The college success courses which are common across American campuses help students transition from high school to college life. Often called “First-Year Experience,” the courses introduce freshmen and transfer students to the academic and social expectations of their particular college. FYE instructors address a wide range of issues that new students might encounter in an effort to help them reach their full potential and achieve both academic and personal success.
The most important component to FYE courses may be their focus on the transition from high school to college life. Students who understand how college is different from high school --both academically and socially-- are less likely to be caught off-guard. A typical text used in a college success class is “The Naked Roommate," which presents more than 100 what-if scenarios for students to consider and advice on how to handle them. Using such books as conversation starters, FYE instructors strive to address student concerns, answer questions and offer strategies for success in and out of the classroom.
FYE courses give students a wide range of practical information from the hours the student cafeteria is open to where the best-- and cheapest --area restaurants might be, and whether or not they deliver. They teach students about school clubs and organizations and the full breadth of the resources available to them on campus. The FYE course at Ithaca College “connects students to the people, programs and resources necessary to provide a strong foundation for academic success and personal growth.” (Ref 3)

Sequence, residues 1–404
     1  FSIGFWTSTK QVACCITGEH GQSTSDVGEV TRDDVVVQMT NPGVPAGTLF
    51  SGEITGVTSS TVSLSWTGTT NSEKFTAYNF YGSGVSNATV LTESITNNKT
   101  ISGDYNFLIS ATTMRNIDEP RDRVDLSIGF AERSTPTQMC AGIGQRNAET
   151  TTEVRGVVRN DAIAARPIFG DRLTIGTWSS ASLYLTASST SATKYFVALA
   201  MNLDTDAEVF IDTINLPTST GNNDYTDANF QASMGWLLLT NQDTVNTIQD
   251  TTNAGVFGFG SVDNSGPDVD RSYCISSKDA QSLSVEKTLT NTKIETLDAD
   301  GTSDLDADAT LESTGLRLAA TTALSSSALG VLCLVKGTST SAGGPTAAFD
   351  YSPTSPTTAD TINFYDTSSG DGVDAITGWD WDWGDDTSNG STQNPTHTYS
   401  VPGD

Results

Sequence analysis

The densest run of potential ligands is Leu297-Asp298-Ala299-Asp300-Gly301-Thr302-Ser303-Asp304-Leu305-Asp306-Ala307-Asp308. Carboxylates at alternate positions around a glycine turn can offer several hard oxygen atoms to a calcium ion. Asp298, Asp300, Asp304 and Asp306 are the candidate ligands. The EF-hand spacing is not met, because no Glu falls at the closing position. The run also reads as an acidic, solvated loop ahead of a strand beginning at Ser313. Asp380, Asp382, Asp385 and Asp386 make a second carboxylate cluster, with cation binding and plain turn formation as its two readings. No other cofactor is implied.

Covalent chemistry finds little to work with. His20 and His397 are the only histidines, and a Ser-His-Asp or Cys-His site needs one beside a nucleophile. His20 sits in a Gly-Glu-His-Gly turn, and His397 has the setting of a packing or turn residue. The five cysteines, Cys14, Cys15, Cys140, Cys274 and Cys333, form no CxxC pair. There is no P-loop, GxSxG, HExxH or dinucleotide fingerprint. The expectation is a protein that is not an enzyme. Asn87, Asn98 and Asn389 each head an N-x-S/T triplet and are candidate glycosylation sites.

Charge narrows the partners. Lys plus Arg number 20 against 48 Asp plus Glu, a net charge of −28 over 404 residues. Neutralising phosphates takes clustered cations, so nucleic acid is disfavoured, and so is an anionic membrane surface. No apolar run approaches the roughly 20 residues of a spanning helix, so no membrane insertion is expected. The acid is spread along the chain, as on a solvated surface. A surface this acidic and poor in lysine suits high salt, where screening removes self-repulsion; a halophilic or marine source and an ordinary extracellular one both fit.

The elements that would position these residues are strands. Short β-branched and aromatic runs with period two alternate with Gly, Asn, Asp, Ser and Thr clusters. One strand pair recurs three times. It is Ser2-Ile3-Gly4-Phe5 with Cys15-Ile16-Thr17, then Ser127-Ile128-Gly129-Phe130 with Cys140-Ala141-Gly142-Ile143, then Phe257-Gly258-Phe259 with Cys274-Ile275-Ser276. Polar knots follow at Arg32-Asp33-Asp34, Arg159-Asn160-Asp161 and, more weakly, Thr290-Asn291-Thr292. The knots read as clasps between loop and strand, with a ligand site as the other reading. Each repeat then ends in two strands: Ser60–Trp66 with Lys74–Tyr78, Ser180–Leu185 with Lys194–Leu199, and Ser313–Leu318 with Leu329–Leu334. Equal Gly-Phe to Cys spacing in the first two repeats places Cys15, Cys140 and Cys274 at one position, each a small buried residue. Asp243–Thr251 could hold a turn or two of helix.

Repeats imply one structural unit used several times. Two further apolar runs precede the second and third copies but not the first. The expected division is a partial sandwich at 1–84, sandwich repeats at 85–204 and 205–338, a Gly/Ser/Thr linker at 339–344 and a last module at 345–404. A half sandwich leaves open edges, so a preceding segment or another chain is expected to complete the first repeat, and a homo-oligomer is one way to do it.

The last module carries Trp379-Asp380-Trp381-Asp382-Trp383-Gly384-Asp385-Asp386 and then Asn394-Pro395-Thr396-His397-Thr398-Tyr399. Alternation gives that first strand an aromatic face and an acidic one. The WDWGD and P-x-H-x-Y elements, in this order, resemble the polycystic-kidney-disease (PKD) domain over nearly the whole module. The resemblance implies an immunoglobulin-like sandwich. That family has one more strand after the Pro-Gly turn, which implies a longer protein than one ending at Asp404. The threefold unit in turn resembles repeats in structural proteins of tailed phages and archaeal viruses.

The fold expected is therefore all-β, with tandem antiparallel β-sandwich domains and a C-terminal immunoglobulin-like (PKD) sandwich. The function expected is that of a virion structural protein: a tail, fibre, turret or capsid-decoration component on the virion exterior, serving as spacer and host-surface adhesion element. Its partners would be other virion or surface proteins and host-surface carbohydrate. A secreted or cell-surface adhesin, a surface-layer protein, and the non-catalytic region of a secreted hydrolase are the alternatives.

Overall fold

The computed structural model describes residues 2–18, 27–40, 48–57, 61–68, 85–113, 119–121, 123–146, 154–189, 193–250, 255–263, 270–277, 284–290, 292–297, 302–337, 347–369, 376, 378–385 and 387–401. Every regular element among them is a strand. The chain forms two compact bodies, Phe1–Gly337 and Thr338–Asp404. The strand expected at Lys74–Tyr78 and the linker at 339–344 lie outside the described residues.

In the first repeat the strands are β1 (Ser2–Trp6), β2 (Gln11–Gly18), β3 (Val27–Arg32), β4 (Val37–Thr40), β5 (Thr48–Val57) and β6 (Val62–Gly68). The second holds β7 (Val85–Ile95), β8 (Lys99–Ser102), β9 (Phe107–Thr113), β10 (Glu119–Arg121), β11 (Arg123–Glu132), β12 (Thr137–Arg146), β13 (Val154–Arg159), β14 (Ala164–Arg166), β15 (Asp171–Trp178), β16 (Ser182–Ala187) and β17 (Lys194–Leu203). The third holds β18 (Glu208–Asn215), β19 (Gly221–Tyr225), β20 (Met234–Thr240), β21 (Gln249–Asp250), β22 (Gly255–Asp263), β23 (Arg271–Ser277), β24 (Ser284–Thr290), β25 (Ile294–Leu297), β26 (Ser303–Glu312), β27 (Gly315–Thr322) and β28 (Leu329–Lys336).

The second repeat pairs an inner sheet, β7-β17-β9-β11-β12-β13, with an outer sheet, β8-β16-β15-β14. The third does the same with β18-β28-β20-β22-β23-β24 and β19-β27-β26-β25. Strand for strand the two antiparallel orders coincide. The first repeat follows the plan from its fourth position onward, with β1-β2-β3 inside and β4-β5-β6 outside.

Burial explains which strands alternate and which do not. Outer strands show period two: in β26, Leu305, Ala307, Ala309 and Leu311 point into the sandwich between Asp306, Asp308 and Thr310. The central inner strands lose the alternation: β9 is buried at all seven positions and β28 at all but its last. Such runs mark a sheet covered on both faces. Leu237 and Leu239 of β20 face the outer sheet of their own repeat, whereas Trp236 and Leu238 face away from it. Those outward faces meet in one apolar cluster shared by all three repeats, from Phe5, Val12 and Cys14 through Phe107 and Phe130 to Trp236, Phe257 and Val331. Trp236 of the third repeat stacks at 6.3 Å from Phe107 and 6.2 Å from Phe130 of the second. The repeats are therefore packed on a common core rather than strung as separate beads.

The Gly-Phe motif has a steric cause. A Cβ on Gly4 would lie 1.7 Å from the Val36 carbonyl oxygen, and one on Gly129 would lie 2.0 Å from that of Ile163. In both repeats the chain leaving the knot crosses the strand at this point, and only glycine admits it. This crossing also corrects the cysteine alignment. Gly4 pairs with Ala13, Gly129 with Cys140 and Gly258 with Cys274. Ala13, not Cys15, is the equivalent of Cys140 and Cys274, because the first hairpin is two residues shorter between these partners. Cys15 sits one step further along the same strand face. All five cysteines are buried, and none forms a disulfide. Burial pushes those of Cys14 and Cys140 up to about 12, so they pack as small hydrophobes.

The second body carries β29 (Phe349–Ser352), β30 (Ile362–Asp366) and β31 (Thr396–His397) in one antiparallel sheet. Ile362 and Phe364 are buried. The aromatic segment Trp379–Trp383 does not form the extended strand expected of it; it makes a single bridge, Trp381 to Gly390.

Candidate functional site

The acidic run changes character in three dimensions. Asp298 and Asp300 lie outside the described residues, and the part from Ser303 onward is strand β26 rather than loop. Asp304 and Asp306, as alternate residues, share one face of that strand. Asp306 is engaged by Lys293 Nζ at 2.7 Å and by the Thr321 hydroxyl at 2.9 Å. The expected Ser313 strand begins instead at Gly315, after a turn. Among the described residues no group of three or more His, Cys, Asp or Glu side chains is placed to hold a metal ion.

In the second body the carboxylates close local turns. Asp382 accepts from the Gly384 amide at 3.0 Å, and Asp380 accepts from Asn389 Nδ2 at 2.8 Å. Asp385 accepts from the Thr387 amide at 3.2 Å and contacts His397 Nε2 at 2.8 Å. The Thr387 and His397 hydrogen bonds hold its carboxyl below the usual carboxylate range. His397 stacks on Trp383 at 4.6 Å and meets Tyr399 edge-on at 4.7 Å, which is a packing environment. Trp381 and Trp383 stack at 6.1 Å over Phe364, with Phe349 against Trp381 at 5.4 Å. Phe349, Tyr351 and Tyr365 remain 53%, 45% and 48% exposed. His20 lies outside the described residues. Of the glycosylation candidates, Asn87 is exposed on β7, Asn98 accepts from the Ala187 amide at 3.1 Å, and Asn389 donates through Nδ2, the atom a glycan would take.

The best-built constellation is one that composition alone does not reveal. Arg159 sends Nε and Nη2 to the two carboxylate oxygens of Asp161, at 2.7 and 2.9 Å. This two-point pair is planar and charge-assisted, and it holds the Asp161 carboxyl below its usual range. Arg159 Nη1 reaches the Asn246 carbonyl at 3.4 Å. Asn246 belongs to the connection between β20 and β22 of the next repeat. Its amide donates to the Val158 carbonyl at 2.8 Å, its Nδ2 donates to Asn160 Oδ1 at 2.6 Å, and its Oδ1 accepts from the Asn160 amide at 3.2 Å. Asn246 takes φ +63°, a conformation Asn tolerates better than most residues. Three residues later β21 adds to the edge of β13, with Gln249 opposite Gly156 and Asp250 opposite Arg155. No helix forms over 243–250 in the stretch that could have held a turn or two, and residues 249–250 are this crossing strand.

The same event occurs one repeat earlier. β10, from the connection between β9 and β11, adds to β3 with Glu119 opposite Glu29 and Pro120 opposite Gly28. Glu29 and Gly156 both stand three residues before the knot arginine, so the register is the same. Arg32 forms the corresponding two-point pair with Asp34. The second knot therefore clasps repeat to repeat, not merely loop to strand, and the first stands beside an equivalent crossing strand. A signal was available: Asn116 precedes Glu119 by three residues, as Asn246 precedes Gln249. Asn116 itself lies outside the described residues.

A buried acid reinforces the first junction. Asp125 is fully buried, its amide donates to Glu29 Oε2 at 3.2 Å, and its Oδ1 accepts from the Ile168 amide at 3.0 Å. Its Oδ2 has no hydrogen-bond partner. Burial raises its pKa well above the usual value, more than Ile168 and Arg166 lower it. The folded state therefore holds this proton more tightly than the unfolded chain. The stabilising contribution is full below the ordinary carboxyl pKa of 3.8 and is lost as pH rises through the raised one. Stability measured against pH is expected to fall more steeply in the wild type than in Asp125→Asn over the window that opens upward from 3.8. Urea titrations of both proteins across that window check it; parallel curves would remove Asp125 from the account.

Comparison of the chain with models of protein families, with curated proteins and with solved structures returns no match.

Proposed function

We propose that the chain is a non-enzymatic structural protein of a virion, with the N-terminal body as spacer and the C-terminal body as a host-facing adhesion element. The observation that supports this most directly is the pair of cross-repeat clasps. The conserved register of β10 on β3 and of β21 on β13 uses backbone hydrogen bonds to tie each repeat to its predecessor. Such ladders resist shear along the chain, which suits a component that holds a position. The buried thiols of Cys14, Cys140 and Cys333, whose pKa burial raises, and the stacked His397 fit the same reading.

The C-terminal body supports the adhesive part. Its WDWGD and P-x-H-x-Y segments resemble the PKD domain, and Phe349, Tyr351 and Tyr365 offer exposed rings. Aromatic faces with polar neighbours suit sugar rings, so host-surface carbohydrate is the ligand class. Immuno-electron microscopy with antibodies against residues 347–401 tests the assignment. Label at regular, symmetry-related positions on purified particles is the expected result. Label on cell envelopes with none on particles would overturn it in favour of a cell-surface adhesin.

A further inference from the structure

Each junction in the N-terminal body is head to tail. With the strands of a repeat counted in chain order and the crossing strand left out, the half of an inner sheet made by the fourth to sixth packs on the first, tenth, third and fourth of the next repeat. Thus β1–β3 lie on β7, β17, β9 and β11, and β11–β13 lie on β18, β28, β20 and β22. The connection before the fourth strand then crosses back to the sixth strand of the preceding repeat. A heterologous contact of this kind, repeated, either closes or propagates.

In a study conducted for the Community College Research Center, authors Matthew Zeidenberg, Davis Jenkins and Juan Carlos Calcagno found that student success courses had a positive effect on students' overall academic success. They suggest that the courses work because they help “students early in the college experience to develop clearer goals for education and careers, better ideas of what it takes to succeed in college, and some practical skills useful for achievement.” (Ref 4) By introducing students to the people and resources of the college community, the courses are giving students the tools they need to succeed. They may do so by showing students how to use the library or offering strategies on how to self-advocate with a professor.
Barometer of Success
Another important benefit of FYE courses is their ability to predict student achievement in other classes. President of the John N. Gardner Institute for Excellence John Gardner notes that students who cannot muster passing grades in a college success class may be failing in their other courses, as well. Using FYE progress as a possible indication of a student’s success in other classes may inspire instructors to check in with students on a more personal level or sound alarm bells with other faculty and administration before it’s too late for the student’s hoped-for college success to become a reality.